2/15/2016 Olmert Begins Jail Term - Netanyahu appears before high court

Israel’s former Prime Minister, Ehud Olmert entered the Ma’asiyahu prison facility at 10:00 AM this morning to begin serving his 19 month sentence for corruption charges. Olmert’s incarceration marks the first time a former Prime Minister has been found guilty and sentenced to jail for a crime. Olmert joins former President Moshe Katzav who is serving a sentence for rape.

Israelis reacted with a combination of both pride and shame to the television images of Olmert arriving at the prison – i.e. Pride in the fact the Israeli legal system was capable of trying such a high level official and shame that so many politicians have been found guilty of committing crimes. Olmert, who was forced to resign as Prime Minister when the corruption charges against him first surfaced, continues to maintain his innocence, though he agreed to plead guilty to the charge of obstruction of justice. The former Prime Minister released a video this morning once again proclaiming his innocence, while accepting the verdict. Admitting he made mistakes, Olmert denies they reached the level of criminal culpability. Olmert stated: “At this time I want to say that I deny outright the charges relating to bribery attributed to me. It is also important for me to note that all the charges do not touch on the time of my tenure as prime minister. It is with a very heavy heart that I accept the sentence — no one is above the law.”

Olmert’s incarceration was not the only legal matter that engaged Israelis in the last 48 hours. First, during the last 24 hours, despite a recent report by the Shin Bet (Israel’s internal security apparatus) that incidents of terror had returned to the levels existing prior to the recent spate of attacks, six separate attacks were executed over the course of the day. These attacks, all of which were unsuccessful, resulted in the deaths of many of the attackers.

Later yesterday, Prime Minster Netanyahu appeared before the Supreme Court of Israel to defend the recently approved agreement with a group of Oil & Gas companies to develop Israel’s known gas fields in the Mediterranean. A number of groups have brought legal suits claiming the agreement on the table granted a monopoly to the gas companies, and further argued that one of the key provisions of the arrangement, (i.e. that the government would make no changes in the agreement for the next 15 years) violates fundamental procedures of Israeli law. Netanyahu’s vigorous plea that the agreement was in the best interests of Israel, notwithstanding, at the end of the day the justices seemed to question the legality of the section of the agreement that precluded modifications by future governments. The Justices countered, asking the government if it was willing to go to the Israeli parliament to pass a law that would codify the agreement; something the government is reluctant to do, since it fears it would not have a majority to pass such a law.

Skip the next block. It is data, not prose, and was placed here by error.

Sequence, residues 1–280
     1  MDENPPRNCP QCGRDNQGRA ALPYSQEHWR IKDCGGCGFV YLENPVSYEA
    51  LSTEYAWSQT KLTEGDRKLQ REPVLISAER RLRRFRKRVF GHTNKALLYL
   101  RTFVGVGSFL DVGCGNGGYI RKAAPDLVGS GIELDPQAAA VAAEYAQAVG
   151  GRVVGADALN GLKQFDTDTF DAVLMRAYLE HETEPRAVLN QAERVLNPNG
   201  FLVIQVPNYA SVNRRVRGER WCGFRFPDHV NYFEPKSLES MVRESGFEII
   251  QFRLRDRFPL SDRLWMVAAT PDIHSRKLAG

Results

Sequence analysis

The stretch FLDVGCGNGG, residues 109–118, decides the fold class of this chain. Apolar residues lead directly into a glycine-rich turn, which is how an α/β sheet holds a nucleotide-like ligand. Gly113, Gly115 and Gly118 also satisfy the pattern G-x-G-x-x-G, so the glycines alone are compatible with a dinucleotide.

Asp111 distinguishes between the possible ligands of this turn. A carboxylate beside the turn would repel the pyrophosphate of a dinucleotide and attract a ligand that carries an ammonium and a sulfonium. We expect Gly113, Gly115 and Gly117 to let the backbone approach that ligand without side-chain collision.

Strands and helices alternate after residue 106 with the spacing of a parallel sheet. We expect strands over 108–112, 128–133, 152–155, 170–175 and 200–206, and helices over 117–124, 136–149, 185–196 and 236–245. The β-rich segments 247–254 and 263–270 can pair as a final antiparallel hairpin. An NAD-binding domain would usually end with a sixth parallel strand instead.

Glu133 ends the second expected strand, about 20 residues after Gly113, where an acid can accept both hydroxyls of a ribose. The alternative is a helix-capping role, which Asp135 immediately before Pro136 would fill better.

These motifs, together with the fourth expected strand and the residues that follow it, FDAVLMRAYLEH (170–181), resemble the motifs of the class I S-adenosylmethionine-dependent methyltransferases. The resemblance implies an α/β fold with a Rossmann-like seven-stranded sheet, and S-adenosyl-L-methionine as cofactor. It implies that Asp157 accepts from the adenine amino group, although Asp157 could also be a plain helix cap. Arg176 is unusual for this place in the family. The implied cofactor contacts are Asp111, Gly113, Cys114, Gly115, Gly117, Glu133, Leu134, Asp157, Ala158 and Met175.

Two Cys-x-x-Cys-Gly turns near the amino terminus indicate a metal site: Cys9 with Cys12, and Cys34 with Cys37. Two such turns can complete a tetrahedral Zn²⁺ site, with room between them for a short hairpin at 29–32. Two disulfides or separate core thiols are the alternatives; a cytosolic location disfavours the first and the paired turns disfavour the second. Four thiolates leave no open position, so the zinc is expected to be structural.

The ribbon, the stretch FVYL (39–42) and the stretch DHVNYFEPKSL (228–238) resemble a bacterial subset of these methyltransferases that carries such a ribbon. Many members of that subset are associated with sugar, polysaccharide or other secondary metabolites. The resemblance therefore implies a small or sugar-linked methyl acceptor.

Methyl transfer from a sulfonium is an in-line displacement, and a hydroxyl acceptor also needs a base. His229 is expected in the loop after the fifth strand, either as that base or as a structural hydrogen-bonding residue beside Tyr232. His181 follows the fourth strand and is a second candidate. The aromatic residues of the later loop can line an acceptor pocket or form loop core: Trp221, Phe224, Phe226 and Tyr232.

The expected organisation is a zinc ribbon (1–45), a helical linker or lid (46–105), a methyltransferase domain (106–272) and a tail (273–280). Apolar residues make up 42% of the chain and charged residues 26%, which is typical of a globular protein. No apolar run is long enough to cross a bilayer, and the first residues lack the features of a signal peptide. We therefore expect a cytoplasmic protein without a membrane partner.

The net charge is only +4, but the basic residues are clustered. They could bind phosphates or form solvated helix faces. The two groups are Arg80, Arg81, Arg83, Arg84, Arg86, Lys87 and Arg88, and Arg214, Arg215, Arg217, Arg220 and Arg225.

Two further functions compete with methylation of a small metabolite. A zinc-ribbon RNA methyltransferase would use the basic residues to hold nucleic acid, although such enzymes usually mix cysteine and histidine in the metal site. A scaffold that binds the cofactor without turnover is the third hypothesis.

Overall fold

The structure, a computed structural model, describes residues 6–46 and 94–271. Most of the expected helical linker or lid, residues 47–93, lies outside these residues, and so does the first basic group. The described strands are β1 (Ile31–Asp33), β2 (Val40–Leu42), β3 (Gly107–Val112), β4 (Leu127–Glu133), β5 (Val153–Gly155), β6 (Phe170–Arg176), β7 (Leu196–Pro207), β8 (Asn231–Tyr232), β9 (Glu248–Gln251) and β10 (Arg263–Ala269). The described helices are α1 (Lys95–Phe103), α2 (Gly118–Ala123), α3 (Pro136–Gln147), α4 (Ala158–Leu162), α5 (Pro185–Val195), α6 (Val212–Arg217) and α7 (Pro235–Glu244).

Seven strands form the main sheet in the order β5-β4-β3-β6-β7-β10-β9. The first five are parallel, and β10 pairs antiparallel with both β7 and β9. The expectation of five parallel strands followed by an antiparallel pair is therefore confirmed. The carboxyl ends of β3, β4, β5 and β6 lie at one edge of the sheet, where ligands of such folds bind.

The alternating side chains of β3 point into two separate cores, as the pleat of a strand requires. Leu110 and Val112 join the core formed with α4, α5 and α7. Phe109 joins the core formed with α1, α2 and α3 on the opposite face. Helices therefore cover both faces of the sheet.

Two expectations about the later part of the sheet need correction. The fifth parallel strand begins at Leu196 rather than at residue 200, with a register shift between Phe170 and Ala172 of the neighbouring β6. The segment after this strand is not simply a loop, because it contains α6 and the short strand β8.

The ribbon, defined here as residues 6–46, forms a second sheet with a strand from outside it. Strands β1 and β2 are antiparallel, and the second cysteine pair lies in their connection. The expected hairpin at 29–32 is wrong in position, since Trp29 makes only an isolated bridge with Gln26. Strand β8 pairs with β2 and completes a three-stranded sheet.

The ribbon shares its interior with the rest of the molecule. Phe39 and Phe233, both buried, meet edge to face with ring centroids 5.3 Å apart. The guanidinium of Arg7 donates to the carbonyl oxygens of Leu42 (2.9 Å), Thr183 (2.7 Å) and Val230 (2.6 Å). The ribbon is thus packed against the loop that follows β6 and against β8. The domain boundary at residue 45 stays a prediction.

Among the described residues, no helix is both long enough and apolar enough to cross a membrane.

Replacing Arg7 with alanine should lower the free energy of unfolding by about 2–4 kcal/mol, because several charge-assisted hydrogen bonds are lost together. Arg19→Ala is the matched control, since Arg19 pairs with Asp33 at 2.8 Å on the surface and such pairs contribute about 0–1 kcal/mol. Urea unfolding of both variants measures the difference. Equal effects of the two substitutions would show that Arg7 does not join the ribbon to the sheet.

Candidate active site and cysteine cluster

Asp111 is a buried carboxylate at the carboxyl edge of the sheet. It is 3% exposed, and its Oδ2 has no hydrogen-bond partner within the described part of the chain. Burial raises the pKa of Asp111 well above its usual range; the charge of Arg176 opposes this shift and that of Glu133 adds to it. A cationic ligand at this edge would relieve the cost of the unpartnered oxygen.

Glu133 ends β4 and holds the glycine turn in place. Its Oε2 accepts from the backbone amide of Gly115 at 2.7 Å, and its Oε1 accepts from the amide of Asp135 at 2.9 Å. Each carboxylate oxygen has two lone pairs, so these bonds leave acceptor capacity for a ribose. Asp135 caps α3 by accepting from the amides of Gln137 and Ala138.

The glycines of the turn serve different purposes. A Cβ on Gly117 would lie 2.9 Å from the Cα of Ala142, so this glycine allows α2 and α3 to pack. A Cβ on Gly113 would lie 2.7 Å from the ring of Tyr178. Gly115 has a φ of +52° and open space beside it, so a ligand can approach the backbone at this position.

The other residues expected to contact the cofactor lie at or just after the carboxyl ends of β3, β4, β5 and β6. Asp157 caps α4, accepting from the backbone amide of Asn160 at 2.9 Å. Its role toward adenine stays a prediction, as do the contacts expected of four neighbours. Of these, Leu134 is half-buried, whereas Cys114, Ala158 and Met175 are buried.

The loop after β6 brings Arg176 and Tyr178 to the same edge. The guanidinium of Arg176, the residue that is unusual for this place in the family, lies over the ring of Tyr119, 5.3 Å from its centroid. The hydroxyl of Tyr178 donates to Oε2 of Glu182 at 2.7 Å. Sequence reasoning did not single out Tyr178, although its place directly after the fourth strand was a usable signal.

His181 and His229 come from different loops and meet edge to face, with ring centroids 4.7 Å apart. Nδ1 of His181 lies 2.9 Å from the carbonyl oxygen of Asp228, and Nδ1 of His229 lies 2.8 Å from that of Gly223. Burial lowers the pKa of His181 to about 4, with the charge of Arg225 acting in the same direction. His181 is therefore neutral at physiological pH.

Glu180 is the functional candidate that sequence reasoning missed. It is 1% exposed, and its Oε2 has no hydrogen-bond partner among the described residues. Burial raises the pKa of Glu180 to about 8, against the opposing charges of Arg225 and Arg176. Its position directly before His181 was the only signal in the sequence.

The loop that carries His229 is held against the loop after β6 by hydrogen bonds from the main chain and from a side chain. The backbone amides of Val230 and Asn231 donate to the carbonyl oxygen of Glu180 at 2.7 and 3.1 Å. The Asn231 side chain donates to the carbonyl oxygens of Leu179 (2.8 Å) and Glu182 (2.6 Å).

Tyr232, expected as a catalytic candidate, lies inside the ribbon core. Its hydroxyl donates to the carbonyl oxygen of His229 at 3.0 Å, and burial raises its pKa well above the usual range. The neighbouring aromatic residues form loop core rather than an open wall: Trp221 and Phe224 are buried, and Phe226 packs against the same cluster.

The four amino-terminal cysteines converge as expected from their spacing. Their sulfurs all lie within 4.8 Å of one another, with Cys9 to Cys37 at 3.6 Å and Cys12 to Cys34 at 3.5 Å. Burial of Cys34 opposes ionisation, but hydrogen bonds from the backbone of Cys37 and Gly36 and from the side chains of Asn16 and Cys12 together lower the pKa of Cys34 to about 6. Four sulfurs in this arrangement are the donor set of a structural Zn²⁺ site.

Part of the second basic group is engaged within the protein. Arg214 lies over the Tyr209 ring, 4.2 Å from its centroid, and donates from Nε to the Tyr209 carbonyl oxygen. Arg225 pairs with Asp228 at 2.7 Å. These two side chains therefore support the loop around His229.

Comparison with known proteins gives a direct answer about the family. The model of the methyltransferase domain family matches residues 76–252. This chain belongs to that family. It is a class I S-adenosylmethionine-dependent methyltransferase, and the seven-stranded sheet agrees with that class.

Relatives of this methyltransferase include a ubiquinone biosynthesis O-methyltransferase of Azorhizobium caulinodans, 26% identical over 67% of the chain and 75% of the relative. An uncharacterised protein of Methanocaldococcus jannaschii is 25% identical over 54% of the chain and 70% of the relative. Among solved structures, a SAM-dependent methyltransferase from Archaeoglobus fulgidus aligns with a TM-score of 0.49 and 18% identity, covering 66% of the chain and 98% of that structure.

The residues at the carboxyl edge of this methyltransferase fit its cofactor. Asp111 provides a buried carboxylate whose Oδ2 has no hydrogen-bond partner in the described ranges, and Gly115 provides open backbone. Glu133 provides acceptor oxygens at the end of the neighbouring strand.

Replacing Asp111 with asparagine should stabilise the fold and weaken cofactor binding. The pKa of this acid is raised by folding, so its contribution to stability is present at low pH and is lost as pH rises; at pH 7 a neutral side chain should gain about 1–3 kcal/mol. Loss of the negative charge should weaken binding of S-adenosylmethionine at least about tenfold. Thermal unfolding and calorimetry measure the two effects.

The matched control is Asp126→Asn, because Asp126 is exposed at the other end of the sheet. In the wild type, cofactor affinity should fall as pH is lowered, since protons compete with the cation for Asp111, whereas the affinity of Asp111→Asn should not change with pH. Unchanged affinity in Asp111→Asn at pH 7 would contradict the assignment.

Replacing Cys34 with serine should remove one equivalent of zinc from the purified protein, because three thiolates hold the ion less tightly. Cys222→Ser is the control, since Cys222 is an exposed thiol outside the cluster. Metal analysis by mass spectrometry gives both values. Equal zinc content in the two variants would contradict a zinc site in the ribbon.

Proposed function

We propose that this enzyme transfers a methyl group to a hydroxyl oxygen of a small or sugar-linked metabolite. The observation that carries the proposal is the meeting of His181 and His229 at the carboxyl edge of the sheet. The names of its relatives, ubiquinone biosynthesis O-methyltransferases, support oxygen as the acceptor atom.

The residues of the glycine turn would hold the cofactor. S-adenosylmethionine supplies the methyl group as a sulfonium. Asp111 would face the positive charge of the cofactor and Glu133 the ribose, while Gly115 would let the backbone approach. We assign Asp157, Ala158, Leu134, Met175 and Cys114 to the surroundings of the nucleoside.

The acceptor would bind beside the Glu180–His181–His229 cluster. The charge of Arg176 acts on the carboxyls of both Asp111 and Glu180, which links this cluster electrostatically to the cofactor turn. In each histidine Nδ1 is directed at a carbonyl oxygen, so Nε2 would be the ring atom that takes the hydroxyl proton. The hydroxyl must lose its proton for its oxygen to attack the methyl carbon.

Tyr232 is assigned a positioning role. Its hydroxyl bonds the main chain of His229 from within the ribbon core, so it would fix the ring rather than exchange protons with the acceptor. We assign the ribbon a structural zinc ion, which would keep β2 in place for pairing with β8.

Finally, at the same time the strength of the Israeli legal system was on display, its apparent weakness was also clearly visible. The story of Mohammed al-Qeeq, a Palestinian journalist who has been held in Administrative Detention for the past three months has been carrying on a hunger strike. al-Qeeq, whose refusal of food has put his life in danger was ordered by the Israeli high court to be released from custody, but also compelled not to leave the Afula hospital that has been treating him (though al-Qeeq has asked to be transferred to a Palestinian hospital in Ramallah.) al-Qeeq is just one of over 600 people being held in Administrative Detention, without having charges brought against them; some have been confined for over a year. Most of those held are Palestinians or Arab Israelis, a few are Jewish. These people are being detained based on the English Emergency Laws that Israel inherited and has not substantially changed. These out-of-date legacy laws underly one of the fundamental contradictions of Israel’s legal system. Israel is clearly a place where the rule of law is indeed quite strong – that is, unless you are considered a security risk. Of course, the prisoners in Guantanamo Bay might empathize with that problem.